Cutting road safety spending a ‘false economy’

Cutting back on road safety spending is a “false economy”, a report from the IAM (Institute of Advanced Motorists) has said. Achieving casualty-reduction targets by 2020 will save 2,500 lives and save the economy more than £4 billion, the organisation said.

Commenting on the report, IAM policy and research director Neil Greig said: “These staggering figures prove conclusively that investing in saving lives on the roads saves the country money, so funding being taken away from this area is a false economy.”

The report, entitled Deaths and Injuries on Britain’s Roads, showed that in 2009 the UK was number one in the world road safety league table of safest roads, having been sixth in 2007 and fourth in 2008. In the EU, the UK has half the road death rates of Austria, Belgium, Portugal and Luxembourg. The IAM said each fatal accident cost the UK economy £1.79 million in lost output, health care, pain and suffering.

Mr Greig continued: “Meeting our casualty reduction targets has meant that deaths on Britain’s roads have halved over the past 20 years with 31,000 deaths avoided and savings to the economy of around £50 billion. The IAM calculates that achieving similar targets for road deaths by 2020 would save society 2,500 lives and the economy over £4 billion.”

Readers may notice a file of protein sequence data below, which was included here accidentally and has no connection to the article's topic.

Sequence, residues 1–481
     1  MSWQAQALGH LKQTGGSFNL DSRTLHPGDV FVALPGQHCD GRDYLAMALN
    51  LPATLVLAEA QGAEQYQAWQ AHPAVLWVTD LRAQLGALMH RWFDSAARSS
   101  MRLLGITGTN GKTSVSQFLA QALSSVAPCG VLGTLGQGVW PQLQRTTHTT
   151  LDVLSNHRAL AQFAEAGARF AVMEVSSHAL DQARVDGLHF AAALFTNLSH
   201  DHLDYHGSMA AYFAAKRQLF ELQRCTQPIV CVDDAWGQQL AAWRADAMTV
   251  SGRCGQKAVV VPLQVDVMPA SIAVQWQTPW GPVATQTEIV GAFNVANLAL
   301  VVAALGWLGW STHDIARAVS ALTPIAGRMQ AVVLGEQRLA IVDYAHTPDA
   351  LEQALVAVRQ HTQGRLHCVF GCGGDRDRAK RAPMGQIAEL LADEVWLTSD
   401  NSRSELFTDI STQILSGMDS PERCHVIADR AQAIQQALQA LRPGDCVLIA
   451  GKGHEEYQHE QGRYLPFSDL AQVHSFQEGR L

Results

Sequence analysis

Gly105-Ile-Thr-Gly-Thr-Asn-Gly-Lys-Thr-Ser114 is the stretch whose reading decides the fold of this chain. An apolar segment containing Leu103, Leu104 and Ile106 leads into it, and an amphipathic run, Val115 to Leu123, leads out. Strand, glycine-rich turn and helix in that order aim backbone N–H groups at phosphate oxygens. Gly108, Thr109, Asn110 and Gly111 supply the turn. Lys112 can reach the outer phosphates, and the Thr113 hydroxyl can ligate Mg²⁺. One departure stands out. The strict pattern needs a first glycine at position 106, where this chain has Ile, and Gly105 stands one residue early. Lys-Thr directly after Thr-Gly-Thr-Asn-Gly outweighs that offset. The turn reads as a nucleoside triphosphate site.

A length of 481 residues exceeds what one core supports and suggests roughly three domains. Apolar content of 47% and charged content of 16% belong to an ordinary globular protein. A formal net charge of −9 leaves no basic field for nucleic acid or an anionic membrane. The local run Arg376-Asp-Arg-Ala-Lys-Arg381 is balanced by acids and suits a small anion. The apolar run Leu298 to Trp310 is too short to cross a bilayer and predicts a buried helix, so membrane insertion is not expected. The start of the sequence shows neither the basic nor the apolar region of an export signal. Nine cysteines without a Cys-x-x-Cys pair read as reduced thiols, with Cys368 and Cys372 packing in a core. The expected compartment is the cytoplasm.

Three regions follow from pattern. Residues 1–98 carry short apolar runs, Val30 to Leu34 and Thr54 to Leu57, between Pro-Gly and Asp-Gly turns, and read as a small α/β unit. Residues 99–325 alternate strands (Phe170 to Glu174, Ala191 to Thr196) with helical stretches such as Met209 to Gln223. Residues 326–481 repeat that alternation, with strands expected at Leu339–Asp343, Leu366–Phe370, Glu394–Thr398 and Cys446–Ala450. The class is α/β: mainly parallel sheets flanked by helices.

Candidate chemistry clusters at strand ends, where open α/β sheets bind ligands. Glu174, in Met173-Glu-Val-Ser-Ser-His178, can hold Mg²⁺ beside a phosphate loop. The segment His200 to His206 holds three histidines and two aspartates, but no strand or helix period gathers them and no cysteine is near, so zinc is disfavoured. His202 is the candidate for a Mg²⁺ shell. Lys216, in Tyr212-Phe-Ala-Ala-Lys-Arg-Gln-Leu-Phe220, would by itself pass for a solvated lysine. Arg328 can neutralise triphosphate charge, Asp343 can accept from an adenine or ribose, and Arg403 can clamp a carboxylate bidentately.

He said it was important for public bodies to compensate for any cutbacks in funding for road safety. Mr Greig urged public bodies “to focus on the benefits to all road users and to the economy of investing in road safety education and awareness, training for younger drivers and riders, and targeted safety improvements to roads.”

The IAM report showed rural roads were still the most dangerous in the UK, accounting for two-thirds of fatal and serious casualties. And despite falling casualty rates, young drivers were still the most at-risk category.

Mr Greig said: “With changes to the theory and practical parts of the driving test under way, and an ever-increasing focus on the risks faced by younger drivers, we hope that this number will continue to fall.”

Road safety minister Mike Penning said: “We are committed to further improving road safety and fully appreciate the economic as well as personal benefits this can bring.

“That is why we have taken steps to develop drug-screening technology to make it easier for the police to prosecute drug drivers and, as the IAM recognise, have made improvements to the driving test.”

He went on: “The importance of tackling the country’s deficit means that we have had to make tough decisions in all areas of our spending. However, we have also removed ring fencing from local authority grants so that councils are able to set their own priorities. We would expect that road safety would remain a priority for local communities and that local spending would reflect that.”

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